Dr. Campbell: Walking meetings may improve health

RALEIGH, N.C. (WNCN) – Many companies are now encouraging the practice of walking meetings.

For decades, Americans are becoming more obese.

Nearly 1 in 3 adults are clinically obese and this number is expected to approach 50 percent by 2030 if significant changes are not made.

1. What are “walking meetings?”

– Walking meetings are typically held with two or three people over a set route and period of time during the work day.

These meetings replace more traditional, sit down office meetings in conference rooms. They are often 30 minutes at a time. Many of these meetings occur in the hallways or open spaces within a company but they can also take place outside or at a nearby park.

Some people are using walking meetings to boost their daily step counts. Others are spurred by mounting research on the physical and mental benefits of being more mobile at work.

2. What are their health benefits?

– Obviously when we are able to move around at work, we are less likely to be sedentary and less likely to gain weight. We burn more calories when we move. A recent study showed that having walking meetings can add an average of 10 minutes a day more physical activity to a normal day.

Sitting for long periods of time is associated with increased rates of type 2 diabetes as well as obesity and other chronic diseases.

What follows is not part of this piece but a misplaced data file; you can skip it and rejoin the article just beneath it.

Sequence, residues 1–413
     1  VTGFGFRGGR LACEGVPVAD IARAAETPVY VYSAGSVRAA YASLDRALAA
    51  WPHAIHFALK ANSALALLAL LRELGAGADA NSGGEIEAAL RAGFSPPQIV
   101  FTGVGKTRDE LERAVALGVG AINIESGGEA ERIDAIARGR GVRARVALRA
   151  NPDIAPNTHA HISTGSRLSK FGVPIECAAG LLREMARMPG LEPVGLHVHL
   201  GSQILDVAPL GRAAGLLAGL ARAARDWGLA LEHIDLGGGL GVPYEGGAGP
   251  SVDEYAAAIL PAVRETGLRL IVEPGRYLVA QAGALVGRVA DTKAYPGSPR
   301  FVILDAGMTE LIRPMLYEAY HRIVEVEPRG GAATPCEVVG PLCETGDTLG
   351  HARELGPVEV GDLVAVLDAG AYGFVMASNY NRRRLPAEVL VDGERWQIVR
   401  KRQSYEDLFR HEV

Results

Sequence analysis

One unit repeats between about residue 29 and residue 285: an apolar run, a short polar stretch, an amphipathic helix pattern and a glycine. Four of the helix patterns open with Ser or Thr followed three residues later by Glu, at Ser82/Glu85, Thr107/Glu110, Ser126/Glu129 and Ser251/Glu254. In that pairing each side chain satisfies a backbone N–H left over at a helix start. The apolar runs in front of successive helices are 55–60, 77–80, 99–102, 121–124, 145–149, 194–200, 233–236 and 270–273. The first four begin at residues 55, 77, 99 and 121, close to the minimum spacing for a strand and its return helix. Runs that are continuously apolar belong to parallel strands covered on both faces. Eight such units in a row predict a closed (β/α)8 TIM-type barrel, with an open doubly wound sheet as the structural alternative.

In fact, previous studies have shown that walking for as little as 15 minutes a day can add up to three years of life expectancy.

Most Americans fall far short of the CDC recommended 150 minutes of exercise each week.

Walking meetings can help.

Standing desks have received lots of media attention in recent years. However studies have shown that, standing burns only a few more calories than sitting.

In one study, it was found that walking for 15 minutes burned 54 calories, compared with 20 calories for sitting at a laptop computer and 22 for standing.

3. Can walking meetings improve productivity?

– One study showed walking meetings tended to spur creativity and more ideas were generated when a walking meeting was conducted as compared to a more traditional meeting.

In addition, healthy employees tend to be more productive and have more fun at work—all leading to increased productivity.

To get in touch with Dr. Campbell, you can head to his website, Facebook page or message him on Twitter. If there’s a topic you’d like to see Dr. Campbell cover, let us know by sending an email to newstips@wncn.com.

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